The hospital dietitian

Catherine Hames speakes to a patient

Catherine Hames is the dietitian lead for the cardiac rehab team at Cambridge University Hospitals NHS Foundation Trust. She works with cardiac patients both in hospital and the community.

What are the priorities for helping people who have had a heart attack?

There’s evidence that changing your diet can help you lower your cholesterol, lose excess weight, and keep other important factors like blood pressure and blood sugar in check.

How much difference changes to diet will make varies from person to person. Although there might be a number of things that someone needs to work on, we try to focus on the area that’s most important to them. And as we’ll be seeing people again, we can give them information bit by bit rather than all at once.

You really have to persuade some people to come to you, but they often go on to make big improvements, and that’s very rewarding.

How important is hospital food?

I try to make things interesting by experimenting with new recipes and different ingredients.


It’s incredibly important. Although people aren’t in hospital for as long as they used to be, hospital food is a good opportunity to get people to healthy foods that they may be less familiar with, like oily fish. Sometimes people are eating too much at home, so it’s good for them to learn about portion sizes too.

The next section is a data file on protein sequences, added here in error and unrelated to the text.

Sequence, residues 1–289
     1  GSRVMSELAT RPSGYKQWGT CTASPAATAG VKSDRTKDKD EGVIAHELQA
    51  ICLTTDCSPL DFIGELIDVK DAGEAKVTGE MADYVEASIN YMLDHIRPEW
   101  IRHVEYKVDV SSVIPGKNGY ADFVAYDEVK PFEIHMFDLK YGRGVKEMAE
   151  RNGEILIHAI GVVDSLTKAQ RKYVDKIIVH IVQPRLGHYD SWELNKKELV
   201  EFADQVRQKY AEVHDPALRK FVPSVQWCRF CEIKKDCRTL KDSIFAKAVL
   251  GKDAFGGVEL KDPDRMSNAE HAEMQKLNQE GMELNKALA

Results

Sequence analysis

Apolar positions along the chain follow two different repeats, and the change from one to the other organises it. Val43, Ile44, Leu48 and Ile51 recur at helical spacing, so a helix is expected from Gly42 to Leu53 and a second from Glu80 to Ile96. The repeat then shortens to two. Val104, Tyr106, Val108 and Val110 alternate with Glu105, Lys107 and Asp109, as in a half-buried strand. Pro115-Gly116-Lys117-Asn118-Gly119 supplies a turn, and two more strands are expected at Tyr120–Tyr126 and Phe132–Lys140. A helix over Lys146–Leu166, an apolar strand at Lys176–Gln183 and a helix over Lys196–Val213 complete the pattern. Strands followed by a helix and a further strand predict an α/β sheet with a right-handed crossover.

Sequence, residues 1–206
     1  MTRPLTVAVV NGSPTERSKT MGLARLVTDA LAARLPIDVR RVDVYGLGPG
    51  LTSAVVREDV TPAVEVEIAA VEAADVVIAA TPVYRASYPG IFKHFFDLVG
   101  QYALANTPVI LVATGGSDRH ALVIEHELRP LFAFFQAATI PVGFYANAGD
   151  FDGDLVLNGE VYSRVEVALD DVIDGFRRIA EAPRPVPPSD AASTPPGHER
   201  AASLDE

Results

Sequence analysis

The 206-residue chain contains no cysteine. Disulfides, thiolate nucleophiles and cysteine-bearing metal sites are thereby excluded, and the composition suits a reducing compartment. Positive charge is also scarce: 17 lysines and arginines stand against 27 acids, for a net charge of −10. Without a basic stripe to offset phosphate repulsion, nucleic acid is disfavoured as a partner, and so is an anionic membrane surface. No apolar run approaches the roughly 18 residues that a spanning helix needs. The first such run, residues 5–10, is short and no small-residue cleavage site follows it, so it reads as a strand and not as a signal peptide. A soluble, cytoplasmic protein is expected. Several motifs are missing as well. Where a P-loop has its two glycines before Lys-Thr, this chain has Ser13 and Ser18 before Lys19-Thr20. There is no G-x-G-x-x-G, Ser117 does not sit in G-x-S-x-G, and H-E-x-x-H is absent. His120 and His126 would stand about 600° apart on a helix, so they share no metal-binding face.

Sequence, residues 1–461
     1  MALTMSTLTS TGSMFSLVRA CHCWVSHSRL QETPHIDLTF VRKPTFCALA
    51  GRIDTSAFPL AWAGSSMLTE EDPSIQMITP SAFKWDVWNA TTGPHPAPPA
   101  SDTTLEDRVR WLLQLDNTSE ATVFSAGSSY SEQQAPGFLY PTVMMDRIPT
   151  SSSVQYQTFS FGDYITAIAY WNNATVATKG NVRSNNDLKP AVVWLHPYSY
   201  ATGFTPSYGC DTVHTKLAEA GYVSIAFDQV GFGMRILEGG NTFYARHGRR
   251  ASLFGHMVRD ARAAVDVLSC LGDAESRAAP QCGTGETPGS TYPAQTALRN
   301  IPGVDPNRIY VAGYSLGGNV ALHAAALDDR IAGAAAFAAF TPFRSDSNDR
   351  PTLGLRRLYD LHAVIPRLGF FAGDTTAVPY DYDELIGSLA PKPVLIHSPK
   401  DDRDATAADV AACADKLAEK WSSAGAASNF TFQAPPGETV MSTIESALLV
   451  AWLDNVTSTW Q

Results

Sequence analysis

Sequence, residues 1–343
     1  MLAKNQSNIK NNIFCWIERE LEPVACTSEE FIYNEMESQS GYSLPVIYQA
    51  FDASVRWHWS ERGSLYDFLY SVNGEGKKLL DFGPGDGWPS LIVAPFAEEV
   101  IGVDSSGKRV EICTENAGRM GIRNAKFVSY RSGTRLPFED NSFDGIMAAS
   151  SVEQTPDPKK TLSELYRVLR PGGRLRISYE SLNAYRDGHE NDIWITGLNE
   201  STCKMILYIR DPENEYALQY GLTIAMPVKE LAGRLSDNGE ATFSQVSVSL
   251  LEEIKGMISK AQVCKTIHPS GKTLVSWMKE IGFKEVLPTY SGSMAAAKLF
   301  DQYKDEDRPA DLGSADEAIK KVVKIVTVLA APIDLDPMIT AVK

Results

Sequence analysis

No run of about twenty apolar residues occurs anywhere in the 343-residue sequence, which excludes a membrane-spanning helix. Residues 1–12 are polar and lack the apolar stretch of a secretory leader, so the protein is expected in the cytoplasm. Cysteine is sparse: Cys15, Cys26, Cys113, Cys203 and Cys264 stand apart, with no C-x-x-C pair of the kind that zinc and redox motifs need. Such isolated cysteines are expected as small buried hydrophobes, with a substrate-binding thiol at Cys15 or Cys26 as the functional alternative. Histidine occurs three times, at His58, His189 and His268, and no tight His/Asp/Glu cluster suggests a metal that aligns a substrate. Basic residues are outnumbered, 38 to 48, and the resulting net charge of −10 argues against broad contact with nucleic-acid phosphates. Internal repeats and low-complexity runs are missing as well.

We’ve made lots of changes to our hospital menu so that people can make heart-healthy choices. We have also done practical things on the wards like having a fruit basket on the tea trolley instead of just biscuits. As a result, fruit consumption has gone up massively.

How easily do people absorb information about food when they are in hospital?

It can feel like a lot to take in, so we give them a pack that contains all the information we’ve talked through, and we write down their main dietary aims and our contact numbers if they have any questions.

We often go and see people during visiting hours because it’s useful if there are relatives around who might be more able to absorb the information or who might be responsible for most of the shopping and cooking.

How does your work influence your diet?

It’s about balance – nobody wants to just eat boiled cabbage all the time. I try to make things interesting by experimenting with new recipes and different ingredients. It’s about keeping an eye out for what’s around and being open to trying new things.

Read what the cardiac rehab dietitian had to say

Read our tips for a heart-healthy diet

Read what the community dietitian had to say

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